Although the saints grew in grace over the course of time and even though some saints had miraculous stories of conversion after having led dissolute lives or having worshipped the idols of false religions, the three saints mentioned by "Pope" Benedict XVI two days ago had the Supernatural Virtues of Faith, Hope and Charity infused into their souls when they were baptized as infants. They had the very inner life of the Most Blessed Trinity dwelling in their immortal souls from the moment of their Baptism onward, thus being prepared for their immersion in the life of the Faith within their families and, in the case of Elizabeth of Hungary, also within the confines of Wartburg, Castle, after serenely accepting the will of God once her father had arranged her marriage to Louis of Thuringia, who was seven years her senior. Saint Kilian led a life of piety and devotion from the time he was a small boy, loving also to study the truths of the Faith, not one of which he ever placed into question.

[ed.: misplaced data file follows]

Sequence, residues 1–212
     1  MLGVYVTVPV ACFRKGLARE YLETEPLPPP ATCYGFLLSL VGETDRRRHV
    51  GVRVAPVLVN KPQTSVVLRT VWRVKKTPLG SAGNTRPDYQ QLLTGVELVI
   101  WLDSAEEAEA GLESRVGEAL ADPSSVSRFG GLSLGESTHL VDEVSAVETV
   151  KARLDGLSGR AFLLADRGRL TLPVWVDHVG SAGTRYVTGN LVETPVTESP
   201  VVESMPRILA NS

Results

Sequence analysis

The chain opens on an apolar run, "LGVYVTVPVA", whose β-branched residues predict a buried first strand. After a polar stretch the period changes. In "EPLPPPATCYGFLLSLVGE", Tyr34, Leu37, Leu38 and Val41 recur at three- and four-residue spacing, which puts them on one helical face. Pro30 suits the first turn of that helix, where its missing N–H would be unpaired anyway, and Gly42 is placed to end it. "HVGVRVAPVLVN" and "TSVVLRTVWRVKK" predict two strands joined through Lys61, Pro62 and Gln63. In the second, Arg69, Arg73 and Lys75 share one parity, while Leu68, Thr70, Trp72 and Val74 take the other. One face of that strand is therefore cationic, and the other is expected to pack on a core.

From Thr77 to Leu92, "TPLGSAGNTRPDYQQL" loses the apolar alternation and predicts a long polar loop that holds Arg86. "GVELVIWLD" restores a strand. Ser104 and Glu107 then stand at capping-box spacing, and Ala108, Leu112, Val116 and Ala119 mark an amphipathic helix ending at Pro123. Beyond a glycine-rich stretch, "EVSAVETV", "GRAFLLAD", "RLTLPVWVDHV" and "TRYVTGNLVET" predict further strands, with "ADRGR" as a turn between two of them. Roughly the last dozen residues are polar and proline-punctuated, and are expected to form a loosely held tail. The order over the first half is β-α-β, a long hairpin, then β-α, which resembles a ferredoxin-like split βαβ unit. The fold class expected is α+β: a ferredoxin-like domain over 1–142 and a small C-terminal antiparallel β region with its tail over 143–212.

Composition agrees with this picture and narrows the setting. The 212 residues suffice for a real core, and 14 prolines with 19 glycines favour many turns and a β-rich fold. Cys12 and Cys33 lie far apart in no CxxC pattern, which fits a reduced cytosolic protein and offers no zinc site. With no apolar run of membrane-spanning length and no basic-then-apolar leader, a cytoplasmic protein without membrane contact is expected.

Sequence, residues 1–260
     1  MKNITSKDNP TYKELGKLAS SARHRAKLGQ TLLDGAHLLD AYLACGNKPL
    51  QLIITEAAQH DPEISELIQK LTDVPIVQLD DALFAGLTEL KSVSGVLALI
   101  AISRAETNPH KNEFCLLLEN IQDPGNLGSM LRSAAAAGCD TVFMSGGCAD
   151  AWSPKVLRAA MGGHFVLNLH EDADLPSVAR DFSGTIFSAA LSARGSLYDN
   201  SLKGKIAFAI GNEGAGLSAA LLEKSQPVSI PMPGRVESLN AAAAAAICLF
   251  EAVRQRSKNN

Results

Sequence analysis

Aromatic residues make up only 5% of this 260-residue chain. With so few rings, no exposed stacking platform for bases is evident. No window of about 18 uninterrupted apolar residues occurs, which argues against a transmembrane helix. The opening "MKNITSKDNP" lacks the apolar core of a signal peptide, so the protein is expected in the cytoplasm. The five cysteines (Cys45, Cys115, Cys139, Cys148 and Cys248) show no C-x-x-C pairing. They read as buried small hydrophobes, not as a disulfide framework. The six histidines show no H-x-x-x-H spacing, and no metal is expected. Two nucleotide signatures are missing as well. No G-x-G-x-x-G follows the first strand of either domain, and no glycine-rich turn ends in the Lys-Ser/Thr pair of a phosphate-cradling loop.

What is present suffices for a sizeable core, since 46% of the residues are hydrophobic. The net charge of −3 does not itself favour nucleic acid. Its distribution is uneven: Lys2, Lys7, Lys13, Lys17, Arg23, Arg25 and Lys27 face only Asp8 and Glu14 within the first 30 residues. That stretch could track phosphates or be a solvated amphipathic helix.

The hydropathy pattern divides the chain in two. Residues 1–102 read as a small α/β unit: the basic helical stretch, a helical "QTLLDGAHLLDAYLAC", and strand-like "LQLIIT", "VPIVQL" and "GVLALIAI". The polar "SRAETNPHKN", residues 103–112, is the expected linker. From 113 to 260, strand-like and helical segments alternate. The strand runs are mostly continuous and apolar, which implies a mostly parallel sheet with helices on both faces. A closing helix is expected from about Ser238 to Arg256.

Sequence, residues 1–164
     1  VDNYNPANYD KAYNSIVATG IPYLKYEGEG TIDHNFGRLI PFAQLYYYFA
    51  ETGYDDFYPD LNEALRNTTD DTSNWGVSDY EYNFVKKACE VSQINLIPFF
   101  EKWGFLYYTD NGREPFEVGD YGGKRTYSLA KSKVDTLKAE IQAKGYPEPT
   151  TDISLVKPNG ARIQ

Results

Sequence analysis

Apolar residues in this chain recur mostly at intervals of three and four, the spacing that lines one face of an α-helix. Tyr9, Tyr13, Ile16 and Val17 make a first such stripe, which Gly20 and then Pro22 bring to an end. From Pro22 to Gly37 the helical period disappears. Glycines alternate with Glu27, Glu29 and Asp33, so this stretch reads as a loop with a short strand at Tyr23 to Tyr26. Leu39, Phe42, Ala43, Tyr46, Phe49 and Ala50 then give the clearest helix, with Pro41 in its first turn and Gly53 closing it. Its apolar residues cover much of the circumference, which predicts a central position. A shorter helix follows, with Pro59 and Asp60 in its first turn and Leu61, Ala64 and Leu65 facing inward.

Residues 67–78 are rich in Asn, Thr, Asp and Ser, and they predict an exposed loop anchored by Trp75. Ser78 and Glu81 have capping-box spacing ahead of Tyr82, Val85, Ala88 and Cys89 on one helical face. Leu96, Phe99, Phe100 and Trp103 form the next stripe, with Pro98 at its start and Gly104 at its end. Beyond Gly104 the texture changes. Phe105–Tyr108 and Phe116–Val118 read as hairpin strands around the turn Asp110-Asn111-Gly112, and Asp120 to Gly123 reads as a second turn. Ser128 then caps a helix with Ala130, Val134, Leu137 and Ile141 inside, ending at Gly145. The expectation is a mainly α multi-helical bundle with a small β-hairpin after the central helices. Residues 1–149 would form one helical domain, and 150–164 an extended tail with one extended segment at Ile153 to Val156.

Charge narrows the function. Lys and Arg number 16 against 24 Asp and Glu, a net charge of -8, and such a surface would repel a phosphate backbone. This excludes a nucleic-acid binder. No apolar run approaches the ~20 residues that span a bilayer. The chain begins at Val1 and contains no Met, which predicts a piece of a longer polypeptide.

Pope Saint Pius X explained in Pascendi Dominci Gregis that Modernists speak incessantly of "personal faith" and of faith being "ignited," meaning that the individual believer has to come to an inner consciousness that God is "near" or is "approaching" him even though God has dwells by means of Sanctifying Grace in the souls of Catholics who have not expelled Him as a result of the commission of a Mortal Sin:
7. However, this Agnosticism is only the negative part of the system of the
Modernists: the positive part consists in what they call vital immanence. Thus
they advance from one to the other. Religion, whether natural or supernatural,
must, like every other fact, admit of some explanation. But when natural
theology has been destroyed, and the road to revelation closed by the rejection
of the arguments of credibility, and all external revelation absolutely denied,
it is clear that this explanation will be sought in vain outside of man himself.
It must, therefore, be looked for in man; and since religion is a form of life,